After hearing God's warning and praying for His wisdom, nine-year-old Alan Brannan decided to throw away all his Pokemon cards. "My friend did the same," said his mother. "Her twelve year old son had been having nightmares. But after a discussion with his parents about the game and its symbols, he was convicted to burn his cards and return his Gameboy game. That night slept well for the first time in a month."

    "It seemed to us that these cards had some sort of power," continued DiAnna Brannan. "Another nine-year-boy had stolen money from his mother's purse ($7.00) to buy more cards. When questioned, he confessed and said he had heard the devil urging him to do it. The family quickly gathered in prayer, then saw God's answer. Both the boy and his little sister burned their cards, warned their friends, and discovered the joy and freedom that only comes from following their Shepherd.

    By: Berit Kjos
  2. Zero T Katama Silver Shadow Guardian

    See, this is why Demons are oh-so-rare in Magic. But Bombing is not the answer. It's not like the article affects us directly. Heck the burning of Pokemon cards could be seen as a good thing.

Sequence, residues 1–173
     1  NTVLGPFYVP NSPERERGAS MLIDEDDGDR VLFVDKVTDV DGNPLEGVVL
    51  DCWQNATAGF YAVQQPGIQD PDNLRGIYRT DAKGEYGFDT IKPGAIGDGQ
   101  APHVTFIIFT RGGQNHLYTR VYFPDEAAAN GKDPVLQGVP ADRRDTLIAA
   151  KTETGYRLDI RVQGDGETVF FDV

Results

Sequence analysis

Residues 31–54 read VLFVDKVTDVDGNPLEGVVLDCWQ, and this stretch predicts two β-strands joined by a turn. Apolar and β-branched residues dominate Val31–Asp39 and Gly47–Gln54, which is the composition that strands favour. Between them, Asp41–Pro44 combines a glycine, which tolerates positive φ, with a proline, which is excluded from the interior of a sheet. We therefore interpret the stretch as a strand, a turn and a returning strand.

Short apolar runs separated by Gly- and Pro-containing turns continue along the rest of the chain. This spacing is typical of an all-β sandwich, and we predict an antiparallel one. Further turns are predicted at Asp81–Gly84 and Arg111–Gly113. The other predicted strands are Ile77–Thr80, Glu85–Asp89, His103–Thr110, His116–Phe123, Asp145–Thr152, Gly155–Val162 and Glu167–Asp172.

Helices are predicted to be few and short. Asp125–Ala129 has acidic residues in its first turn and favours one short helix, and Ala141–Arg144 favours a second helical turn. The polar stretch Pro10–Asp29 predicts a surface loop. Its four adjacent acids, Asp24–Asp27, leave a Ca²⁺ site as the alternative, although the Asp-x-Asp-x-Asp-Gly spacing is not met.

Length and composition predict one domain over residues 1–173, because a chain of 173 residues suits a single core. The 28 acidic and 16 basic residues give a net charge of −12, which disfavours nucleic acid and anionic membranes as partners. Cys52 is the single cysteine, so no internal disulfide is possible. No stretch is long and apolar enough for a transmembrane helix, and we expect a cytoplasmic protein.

3. train The Wildcard!!!...

    Burning pokemon cards... I use them to wipe....
  4. MrXarvox The Prettiest Man Alive

    heh... what an idiot...
    It's a pity that people like that are allowed to raise children. Think of the warped creatures that their progeny are going to grow up to be. Constricting a child's thought to conform to your religion is really, really disgusting. Especially when it denies the child the right to play in favor of forcing ancient scripture on it.

    I want an hour alone in a room with that creep. I'll supply my own dental kit.
  5. Lotus Mox New Member

    "Berit Kjos is a widely respected researcher, the author of books and magazine articles, a popular conference speaker, and a concerned parent who has extensively studied current education systems and global changes.

    Kjos first became aware of New Age and occult influences in our society at a 1974 conference on holistic health. As a registered nurse, she was interested in methods of healing, but soon discovered that the occult powers found in New Age methods brought bondage instead of true healing. As a parent, Kjos became aware of similar New Age influences in education. She began to monitor the schools for classroom programs that taught occultism and New Age spirituality, then began to share what she learned with other parents and teachers.